As people become more interested in healthy and environmentally sound products, reliable consumer information tools, such as eco-labelling, will accelerate sustainable consumption and production patterns. Drastic lifestyle changes due to the outbreak, such as increased online food delivery and online shopping with more packaging waste, have forced China to explore how to maintain the ongoing efforts for boosting sustainable consumption using these tools.
The China Environmental United Certification Center (CEC), as a third-party certification organization, developed and conducted remote inspection, in addition to the instruments they usually employ, to ensure that products meet the criteria for eco-labels appropriately and in a timely manner during the pandemic. Once a product is eco-labelled, it is given priority by Chinese government agencies using green public procurement and therefore contributes to foster this kind of public procurement in China.
This is a great example about how we can use the current COVID-19 scenario to “build back better”. But China's extensive efforts to achieve an ecological transition in the production and consumption sectors are not new and have been increasing over the past decade. In fact, green and low-carbon consumption has been incorporated into the philosophy of China's Ecological Civilization as one of the key pathways to green development.
Consumption is becoming the main driver of China's economic growth. For example, consumer spending contributed to 76.2 per cent of China's GDP growth in 2018 and it is estimated that consumption will increase more than sevenfold between 2005 and 2025. But while it is an economic driver, consumption in China put a huge pressure on resources and the environment due to traditional and unsustainable habits that could be intensified due to the current pandemic. This has become a major obstacle and constraint to China's goal of achieving a comprehensive ecological transition.
Per Capita Resource and Energy Consumption of Residents in China (2004-2015)
Contribution of Local Mobility Emission Sources to Fine Particles in Major Cities, China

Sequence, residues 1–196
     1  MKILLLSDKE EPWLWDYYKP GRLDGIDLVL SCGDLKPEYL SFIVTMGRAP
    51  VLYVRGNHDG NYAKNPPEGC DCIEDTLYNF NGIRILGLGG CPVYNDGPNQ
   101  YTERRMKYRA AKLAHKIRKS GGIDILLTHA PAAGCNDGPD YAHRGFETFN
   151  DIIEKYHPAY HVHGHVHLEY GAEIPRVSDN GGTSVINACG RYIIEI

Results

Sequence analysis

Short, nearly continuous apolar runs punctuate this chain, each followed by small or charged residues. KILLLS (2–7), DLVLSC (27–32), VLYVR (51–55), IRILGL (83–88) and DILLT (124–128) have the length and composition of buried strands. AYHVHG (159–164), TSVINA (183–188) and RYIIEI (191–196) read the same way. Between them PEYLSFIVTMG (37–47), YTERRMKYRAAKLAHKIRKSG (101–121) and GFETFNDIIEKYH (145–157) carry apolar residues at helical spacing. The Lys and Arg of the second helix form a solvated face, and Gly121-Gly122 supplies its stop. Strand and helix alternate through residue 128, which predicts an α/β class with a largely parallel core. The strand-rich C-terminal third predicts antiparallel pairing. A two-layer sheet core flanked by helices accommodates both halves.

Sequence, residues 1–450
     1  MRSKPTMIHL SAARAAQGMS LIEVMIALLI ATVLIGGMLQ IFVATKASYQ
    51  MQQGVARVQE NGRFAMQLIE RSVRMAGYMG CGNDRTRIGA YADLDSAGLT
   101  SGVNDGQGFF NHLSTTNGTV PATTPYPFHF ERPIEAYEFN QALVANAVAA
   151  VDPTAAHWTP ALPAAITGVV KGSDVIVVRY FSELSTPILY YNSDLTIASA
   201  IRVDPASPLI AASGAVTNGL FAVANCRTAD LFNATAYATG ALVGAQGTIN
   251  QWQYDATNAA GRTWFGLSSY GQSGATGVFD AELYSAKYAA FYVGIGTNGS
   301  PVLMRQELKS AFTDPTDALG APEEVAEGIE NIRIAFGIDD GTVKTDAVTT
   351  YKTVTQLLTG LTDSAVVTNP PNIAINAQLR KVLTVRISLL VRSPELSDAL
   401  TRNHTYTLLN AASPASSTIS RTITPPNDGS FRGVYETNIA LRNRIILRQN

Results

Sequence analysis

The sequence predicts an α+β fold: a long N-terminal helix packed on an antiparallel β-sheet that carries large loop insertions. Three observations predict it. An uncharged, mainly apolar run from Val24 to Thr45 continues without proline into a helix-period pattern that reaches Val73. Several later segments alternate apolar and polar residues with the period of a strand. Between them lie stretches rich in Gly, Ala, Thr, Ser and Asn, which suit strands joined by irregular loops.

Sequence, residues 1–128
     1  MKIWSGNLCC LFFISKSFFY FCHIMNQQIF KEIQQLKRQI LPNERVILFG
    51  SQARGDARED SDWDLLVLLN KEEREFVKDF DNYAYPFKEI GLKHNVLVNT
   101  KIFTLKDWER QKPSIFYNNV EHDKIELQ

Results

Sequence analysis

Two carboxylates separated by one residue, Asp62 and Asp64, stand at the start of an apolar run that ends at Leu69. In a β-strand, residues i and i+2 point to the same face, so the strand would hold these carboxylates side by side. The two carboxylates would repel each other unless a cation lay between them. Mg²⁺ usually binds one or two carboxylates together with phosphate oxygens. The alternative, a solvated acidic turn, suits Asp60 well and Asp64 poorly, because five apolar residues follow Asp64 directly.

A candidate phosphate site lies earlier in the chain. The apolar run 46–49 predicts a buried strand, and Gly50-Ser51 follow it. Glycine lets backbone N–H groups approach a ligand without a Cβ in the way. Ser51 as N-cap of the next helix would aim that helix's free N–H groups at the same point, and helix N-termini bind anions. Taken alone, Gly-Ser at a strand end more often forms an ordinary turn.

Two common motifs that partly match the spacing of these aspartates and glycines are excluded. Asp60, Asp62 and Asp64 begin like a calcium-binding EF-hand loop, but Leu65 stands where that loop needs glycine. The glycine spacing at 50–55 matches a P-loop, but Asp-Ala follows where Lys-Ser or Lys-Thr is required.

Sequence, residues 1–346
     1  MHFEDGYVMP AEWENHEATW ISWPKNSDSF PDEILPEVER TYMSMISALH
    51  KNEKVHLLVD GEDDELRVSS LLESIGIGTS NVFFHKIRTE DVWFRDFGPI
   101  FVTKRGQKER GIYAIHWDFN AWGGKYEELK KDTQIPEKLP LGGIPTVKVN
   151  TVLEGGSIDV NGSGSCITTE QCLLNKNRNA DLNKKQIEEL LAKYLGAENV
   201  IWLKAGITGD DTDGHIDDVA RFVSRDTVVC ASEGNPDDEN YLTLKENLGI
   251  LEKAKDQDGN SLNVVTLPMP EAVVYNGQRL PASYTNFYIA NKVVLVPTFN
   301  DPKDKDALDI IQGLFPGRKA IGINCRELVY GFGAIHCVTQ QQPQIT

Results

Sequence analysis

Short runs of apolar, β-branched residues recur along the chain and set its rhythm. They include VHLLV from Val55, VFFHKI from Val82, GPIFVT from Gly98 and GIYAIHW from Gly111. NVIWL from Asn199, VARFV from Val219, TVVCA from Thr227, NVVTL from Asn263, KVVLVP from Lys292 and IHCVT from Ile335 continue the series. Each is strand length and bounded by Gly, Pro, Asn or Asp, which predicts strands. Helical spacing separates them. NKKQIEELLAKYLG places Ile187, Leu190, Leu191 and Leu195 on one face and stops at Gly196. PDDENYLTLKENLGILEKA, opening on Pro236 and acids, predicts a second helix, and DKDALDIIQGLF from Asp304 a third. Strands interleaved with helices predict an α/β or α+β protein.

What are the challenges for promoting Sustainable Consumption in China?
Although China has developed a great vary of policies and tools to promote sustainable consumption in various sectors and has achieved positive results (such as increasing green housing and green transportation, promoting green supply chains and putting in place sustainable public procurement and eco-labelling), the country still faces the following challenges in terms of its regulatory framework and its implementation:
- There is a big gap between China's strong political will and the country's insufficient systematic strategy.
- The lack of a ministry with primary responsibility for sustainable consumption or a inter-ministry coordinating mechanism hinders collective efforts to promote sustainable consumption.
- The links between eco-labelling and energy labelling schemes with the political priorities of environmental outreach, such as water, air and soil pollution control, have not been established.
- There is a lack of understanding of the role that sustainable consumption including sustainable public procurement can play in promoting the circular economy.
How is SWITCH-Asia RPAC supporting Sustainable Consumption in China?
The SWITCH-Asia Policy Advocacy Component (RPAC), implemented by United Nations Environment Programme, is designed to strengthen the dialogue at regional, sub-regional and national policies on Sustainable Consumption and Production and thereby contributing to green growth and reduction of poverty in Asian countries.
In China, as a response to the challenges identified to promote sustainable consumption, SWITCH-Asia RPAC and the China Environmental United Certification Center (CEC) held a National Policy Dialogue on Sustainable Consumption for Policy Makers and Stakeholders in China on 25 April 2019. The main insights of that Dialogue together with the results of an analysis of the current status on sustainable consumption in China have been detailed in a report that's about to be published. This report provides an overview of the sustainable consumption policy framework in China. And it proposes policy recommendations that may be useful to both policymakers and practitioners in China or other Asian countries in similar circumstances.
The most important policy recommendations are:
Speed up the establishment of a sound policy framework on sustainable consumption.
Clearly delineate the roles and responsibilities of the relevant government agencies.
Establish a market-based, consumer-based and government-led promotion mechanism.
Improve market and economic motivation measures.
Establish a mechanism for the dissemination of information to consumers.
For more information contact:
Lixia Zheng, Project Coordinator for China Office, SWITCH-Asia RPAC, UNEP
Email: [email protected]
Luz Fernandez, Programme Officer, SWITCH Asia RPAC, UNEP
Email: [email protected]